The Teachings of Spencer W. Kimball, Pg.33

  "But thank God that there were enough sane and sagacious souls on the side of truth and wisdom and the rebellious souls were vanquished as to the eternal and ultimate program. The principal personalities in this great drama were a Father Elohim, perfect in wisdom, judgment, and person, and two sons, Lucifer and Jehovah. (12/19/59)" 

  "Satan tempted both Christ and Moses. There is another power in this world forceful and vicious. In the wilderness of Judaea, on the temple's pinnacles and on the high mountain, a momentous contest took place between two brothers, Jehovah and Lucifer, sons of Elohim. When physically weak from fasting, Christ was tempted by Lucifer: "If thou be the Son of God, command this stone that it be made bread." (Luke 4:3.)"

The Teachings of Spencer W. Kimball, Pg.163

  "The importance of not accommodating temptation in the least degree is underlined by the Savior's example. Did not he recognize the danger when he was on the mountain with his fallen brother, Lucifer, being sorely tempted by that master tempter? He could have opened the door and flirted with danger by saying, "All right, Satan, I'll listen to your proposition. I need not succumb, I need not yield, I need not accept -- but I'll listen."

#11

Can anyone explain this bit to me? That the atonement happened in the garden at Gethsemane? I’d never heard of that particular Mormon belief.

Pax Vobiscum


#12

Mormons believe that a part of the atonement occurred before the Crucifixion in the Garden of Gethsemene (not sure of the spelling!) where Jesus Christ “sweat blood” and prayed for mankind for hours, so long that the rest of the disciples fell asleep. Bear in mind, Mormons believe that ONLY PART of the atonement occurred at that time. They rest of the atonement for the sins of the world occurred at the Crucifixion.

Since I am not a scholar in Mormon Doctrine, I don’t know the source of this belief, but that is what my Mormon friends have told me.


#13

I used to teach mormon gospel doctrine. They believe that in Gethsemane Jesus literally took upon himself all the sins of the world past present and future. the pain and suffering was so great that he sweated blood. they believe his death was necessary so that in resurrection he could enable the rest of us to be resurrected. (don’t worry about how lazarus worked though) all of this is in mormon “scripture” specifically the D&C.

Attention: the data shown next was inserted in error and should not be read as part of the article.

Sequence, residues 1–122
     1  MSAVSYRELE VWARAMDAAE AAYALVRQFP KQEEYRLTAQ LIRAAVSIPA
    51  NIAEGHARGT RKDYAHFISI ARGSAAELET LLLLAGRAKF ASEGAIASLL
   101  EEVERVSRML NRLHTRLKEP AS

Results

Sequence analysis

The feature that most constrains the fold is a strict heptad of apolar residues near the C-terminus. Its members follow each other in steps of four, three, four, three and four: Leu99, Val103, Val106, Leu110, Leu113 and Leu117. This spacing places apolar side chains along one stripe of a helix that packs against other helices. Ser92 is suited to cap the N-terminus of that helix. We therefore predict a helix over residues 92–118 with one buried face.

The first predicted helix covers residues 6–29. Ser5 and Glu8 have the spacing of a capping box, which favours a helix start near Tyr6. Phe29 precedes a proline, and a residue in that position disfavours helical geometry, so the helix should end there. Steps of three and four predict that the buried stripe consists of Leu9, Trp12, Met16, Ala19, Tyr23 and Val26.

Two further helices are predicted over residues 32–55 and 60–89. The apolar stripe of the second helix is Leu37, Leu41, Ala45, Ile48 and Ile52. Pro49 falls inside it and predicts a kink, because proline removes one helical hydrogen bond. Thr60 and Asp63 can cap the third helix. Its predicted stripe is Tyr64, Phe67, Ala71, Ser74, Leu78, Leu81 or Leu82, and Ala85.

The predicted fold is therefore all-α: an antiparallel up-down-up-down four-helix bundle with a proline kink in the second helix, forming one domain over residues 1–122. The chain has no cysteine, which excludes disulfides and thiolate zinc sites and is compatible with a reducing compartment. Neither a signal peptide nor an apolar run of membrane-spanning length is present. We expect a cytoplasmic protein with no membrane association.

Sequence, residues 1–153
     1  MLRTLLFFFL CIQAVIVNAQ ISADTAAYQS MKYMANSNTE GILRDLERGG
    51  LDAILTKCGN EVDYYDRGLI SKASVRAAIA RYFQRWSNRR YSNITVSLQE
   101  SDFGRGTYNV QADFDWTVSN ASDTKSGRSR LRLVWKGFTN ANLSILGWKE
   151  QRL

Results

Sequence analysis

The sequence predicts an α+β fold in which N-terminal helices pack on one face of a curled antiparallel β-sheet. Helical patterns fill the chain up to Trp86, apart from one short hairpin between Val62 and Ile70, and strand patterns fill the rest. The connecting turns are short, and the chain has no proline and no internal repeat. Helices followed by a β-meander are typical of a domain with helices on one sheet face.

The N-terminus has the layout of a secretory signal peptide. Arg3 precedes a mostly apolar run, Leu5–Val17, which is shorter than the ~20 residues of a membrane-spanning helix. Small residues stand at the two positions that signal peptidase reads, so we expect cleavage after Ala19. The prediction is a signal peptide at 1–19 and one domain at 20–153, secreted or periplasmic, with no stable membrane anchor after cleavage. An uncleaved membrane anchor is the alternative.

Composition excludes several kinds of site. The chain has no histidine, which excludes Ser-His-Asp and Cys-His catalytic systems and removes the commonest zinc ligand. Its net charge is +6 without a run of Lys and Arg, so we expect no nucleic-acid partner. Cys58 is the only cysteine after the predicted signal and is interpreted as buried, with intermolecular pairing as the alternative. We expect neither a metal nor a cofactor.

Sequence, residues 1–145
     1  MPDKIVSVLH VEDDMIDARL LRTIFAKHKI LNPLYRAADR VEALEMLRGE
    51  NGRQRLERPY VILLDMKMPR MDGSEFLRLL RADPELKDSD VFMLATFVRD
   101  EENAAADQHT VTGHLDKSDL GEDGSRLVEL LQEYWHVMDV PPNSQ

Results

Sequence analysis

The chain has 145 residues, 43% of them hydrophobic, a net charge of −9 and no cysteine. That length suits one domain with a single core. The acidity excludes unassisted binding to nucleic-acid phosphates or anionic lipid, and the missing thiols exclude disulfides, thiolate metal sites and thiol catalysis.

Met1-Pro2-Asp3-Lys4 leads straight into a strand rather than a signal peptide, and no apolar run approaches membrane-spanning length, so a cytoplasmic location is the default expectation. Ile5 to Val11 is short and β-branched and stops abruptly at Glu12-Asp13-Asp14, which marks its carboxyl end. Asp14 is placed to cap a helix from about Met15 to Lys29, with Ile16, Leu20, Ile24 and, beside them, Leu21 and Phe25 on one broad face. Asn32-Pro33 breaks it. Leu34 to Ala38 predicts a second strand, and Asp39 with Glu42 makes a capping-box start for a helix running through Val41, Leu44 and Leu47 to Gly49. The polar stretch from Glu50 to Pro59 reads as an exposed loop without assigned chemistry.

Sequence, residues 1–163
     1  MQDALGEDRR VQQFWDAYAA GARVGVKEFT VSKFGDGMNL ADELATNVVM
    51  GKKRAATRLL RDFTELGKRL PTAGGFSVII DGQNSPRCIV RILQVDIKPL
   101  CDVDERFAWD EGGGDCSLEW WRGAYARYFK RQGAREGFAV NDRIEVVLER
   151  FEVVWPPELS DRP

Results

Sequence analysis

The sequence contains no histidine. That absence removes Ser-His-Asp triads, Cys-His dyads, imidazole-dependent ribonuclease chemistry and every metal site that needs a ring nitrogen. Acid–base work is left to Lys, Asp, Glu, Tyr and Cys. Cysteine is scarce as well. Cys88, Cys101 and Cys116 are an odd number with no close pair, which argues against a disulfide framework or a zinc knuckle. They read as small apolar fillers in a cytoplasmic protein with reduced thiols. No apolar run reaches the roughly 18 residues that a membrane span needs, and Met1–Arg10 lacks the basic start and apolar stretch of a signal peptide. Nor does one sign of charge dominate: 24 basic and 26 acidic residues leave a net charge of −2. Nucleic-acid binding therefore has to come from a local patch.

#14

Thanks for those replies!


#15

I hope you don’t mind me butting in here but I always thought a Christian was someone who believes that Jesus of Nazareth, who was rejected by the Jews, crucified by Pontius Pilate, and was raised from the dead, was the promised Messiah of the Hebrew Scriptures!

On the other hand Mormons are obviously not Catholic Christians because they do not believe in the conclusions that came out of the Council of Nicea etc. etc. But they are Christians none the less!

I think belief in all this speculative stuff about gods and angels and revelation does not determine whether one is a Christian any more than the belief on the neo-platonic idea that God is three seperate entities in one substance.


#16

They believe all of the passion of Christ from the garden until his death on the cross are part of the atonement. He took upon himself the sins of the world in the garden by agreeing to do the will of the Father and then continued to suffer for our sins until his death on the cross was complete.


#17

the Catholic Church does not recognize Mormon baptism as valid since they deny the doctrine of the Trinity, upon which the valid baptismal formula depends, consequently do not intend what the Church intends in this sacrament.


#18

Even though Catholics do not accept Mormon Baptism, or Mormons accept Catholic Baptism a Christian is someone who accepts Jesus of Nazareth as the Promised Messiah of Hebrew prophecy.

If we concede that only Catholic Baptism is valid then no one is a Christian if one has not been baptised by a Catholic Priest.

Blessed be the God and Father of our Lord Jesus Christ.
Ephesians Chapter 1:3


#19

I agree with Asa Ben Judah there. I think a Christian is someone who believes in Christ.

Most of the Mormons I have had dealings with have been very Christian in their attitude and their behaviour.

I think we do ourselves a dis-service when we say this oe that group isn’t a Christian group. Enough so called Christians claim that of Catholicism do they not? It’s not our place to decide. Jesus himself will seperate the lambs from the goats!


#20

I agree with Asa Ben Judah there. I think a Christian is someone who believes in Christ.

Most of the Mormons I have had dealings with have been very Christian in their attitude and their behaviour.

I think we do ourselves a dis-service when we say this oe that group isn’t a Christian group. Enough so